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The Subcontinental Menu

For the sake of Swachh Bharat, Jabalpur administration goes tough on pet owners. Another card for Sadhu babas? Read all the exciting stories from in and around.

The Subcontinental Menu
Illustration by Sajith Kumar
The Subcontinental Menu

All Bark And No Crap

Residents of Jabalpur in Madhya Pradesh now face a stark choice: either be prepared to pay a fine of up to Rs 5,000 under the Municipality Cleanliness and Sanitation Act, or don’t take your pet dog out to defecate in the open.  The Jabalpur municipal corporation (JMC) issued a circular to this effect on October 11. Municipal corporation commissioner Ved Prakash was quoted in the press as saying, “The JMC has decided to impose penalty on the pet dog owners, whose can­ines are found littering in public places. We have issued a circular in this regard. Our field staff have been directed to keep a watch on the pet dog owners. The obj­ective behind the move was to keep the city clean.” Another municipal corporation in the state was in the national news earlier when it fined a rural family Rs 75,000 (Rs 500 per member per month) for defecating in the open.

Clockwork Culture

In the centre of Raipur, for a span of 30 seconds whenever the clock strikes the hour, one can hear the strains of a Chhattisgarhi folk song. There is a different song for each hour of the day. This is a recently added feature of the city’s clock tower, which is a well-known landmark that marks the spot known as Ghadi Chowk. The tower is central to the city’s distinctive identity even amidst the hustle and bustle of modern life.  The songs are played in order to promote Chhattisgarhi folk culture, and the initiative has resul­ted in the clock being inclu­ded in both the Limca Book and the India Book of Records.  Maintained to a high standard while many of its counterparts around the world have suffered dilapidation, the clock tower is still the point of reference for many local residents who choose to synchronise their watches with it.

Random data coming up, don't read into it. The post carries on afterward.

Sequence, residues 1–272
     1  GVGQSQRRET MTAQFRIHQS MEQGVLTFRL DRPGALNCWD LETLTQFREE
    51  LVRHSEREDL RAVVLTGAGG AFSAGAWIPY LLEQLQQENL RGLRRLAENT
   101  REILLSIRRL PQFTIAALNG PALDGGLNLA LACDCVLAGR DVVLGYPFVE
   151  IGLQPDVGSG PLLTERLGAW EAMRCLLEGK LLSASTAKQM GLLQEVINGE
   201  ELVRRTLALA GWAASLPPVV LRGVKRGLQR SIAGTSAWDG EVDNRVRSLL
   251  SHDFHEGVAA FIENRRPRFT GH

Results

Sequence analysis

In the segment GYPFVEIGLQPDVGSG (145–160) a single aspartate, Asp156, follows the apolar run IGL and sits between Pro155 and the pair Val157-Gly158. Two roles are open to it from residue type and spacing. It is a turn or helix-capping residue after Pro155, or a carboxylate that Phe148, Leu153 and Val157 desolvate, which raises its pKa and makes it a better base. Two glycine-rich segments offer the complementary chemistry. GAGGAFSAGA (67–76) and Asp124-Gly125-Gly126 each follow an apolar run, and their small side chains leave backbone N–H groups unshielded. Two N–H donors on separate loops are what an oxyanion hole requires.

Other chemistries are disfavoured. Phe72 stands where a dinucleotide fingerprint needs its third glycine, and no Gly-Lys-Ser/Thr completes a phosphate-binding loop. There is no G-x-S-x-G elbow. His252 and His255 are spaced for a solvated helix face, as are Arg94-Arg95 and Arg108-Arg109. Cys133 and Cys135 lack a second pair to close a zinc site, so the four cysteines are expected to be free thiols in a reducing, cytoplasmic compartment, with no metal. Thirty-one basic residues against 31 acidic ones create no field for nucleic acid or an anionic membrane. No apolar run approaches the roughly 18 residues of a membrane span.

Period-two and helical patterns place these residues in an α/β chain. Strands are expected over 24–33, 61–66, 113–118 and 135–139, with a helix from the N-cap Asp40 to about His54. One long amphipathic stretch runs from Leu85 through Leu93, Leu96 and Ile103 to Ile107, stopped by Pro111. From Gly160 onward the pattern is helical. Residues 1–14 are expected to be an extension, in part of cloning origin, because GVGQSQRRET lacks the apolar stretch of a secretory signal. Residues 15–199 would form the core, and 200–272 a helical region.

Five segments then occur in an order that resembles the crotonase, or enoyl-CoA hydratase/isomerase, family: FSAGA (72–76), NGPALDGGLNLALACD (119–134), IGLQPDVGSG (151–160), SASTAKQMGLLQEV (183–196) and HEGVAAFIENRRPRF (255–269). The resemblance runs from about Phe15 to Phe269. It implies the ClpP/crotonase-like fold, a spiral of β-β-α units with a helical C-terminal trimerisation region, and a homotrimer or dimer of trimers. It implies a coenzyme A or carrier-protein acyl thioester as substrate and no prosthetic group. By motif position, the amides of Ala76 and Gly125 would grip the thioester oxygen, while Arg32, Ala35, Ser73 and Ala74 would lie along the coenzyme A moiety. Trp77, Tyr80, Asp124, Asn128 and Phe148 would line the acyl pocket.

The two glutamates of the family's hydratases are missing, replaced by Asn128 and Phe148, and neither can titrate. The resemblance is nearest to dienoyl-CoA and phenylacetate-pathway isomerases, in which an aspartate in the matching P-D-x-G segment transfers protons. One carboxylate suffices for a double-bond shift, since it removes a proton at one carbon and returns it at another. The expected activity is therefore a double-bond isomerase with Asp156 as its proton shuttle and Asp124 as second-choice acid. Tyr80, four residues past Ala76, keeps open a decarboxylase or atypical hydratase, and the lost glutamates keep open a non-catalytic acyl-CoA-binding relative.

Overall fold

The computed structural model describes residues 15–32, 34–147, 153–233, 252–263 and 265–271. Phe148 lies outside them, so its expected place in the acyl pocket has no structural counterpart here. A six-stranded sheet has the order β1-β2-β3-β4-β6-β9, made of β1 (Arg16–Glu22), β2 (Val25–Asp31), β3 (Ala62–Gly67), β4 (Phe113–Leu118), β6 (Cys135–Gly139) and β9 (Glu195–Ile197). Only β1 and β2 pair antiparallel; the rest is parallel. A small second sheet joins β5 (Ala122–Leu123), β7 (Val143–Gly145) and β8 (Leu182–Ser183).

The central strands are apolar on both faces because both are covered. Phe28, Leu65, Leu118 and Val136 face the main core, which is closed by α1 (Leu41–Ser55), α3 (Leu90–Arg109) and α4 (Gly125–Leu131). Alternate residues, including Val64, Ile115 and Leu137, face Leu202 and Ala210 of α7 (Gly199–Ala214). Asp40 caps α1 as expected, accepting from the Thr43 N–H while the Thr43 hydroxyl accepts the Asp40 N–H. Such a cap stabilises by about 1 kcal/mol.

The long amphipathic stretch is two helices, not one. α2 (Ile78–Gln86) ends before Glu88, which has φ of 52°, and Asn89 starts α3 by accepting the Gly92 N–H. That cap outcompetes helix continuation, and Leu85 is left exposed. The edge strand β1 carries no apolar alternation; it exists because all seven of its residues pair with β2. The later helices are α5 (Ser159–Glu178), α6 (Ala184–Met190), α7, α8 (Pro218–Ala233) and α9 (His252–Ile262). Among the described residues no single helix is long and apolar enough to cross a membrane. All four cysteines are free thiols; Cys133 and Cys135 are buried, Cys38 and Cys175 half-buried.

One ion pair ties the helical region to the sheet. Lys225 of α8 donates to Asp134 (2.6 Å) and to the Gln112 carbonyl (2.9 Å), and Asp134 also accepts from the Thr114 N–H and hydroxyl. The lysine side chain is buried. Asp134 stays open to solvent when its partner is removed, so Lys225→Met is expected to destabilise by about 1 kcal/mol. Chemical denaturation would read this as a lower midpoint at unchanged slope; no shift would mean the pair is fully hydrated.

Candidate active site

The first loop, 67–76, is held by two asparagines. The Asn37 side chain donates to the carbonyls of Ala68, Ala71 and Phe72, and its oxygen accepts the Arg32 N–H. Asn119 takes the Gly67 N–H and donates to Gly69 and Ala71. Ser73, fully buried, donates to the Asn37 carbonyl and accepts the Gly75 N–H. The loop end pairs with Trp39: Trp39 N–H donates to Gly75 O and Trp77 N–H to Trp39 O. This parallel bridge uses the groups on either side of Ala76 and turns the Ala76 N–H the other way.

Avadhoot Card To Be Rolled Out

Sadhus across the country will soon be able to flash a credit card-sized plastic identity card that displays their credentials, according to plans that have been put in motion by the Akhil Bharatiya Akhara Parishad. The apex body of those who have abandoned material things and worldly connections is aiming to complete the distribution of the ID cards before 2019’s Ardh Kumbh mela in Allahabad. Parishad president Narendra Giri specified that each card would contain the name and photograph of the sadhu in question, along with the details of the relevant akhara, and the member’s length of service. The parishad also hopes to share its database of real babas with the government and opposition parties. Accredited members enjoy special access privileges at religious occasions such as Kumbh melas.

Cosmopolitan Coiffeurs

Walk into a Srinagar barber shop and you’ll probably be better off speaking Hindi than Kashmiri. Local barbers have become an utter rarity in the city and the surrounding region, with most of the younger generation having hung up their scissors as life in the Valley changed and militancy rose, while their elders have retired. The gap in the market was noticed and plugged promptly and smoothly by migrant workers from places such as Bihar, Delhi and Uttar Pradesh, who now run hundreds of shops all over the city and its outskirts. Most will use some broken Kashmiri that they have picked up when they need to communicate with mostly elderly customers who don’t speak Hindi or Urdu.

Little Hilsa Being Eaten

It’s a perennial complaint of Calcutta residents: why is it that hilsa bought after Durga Puja are smaller than those bought before? West Bengal’s fishermen are prone to ignore the ‘strict orders’ of the state government during and after the festive season. Although they are instructed to catch only large hilsa and to leave the smaller specimens to grow, the fishermen find that they have little choice.  As demand is extremely high during festive periods due to the fish’s popularity and cultural significance, most of the choice pickings are consumed then, and only undersized hilsa remain to be caught afterwards. The buyers find little comfort in the fact that prices have also come down.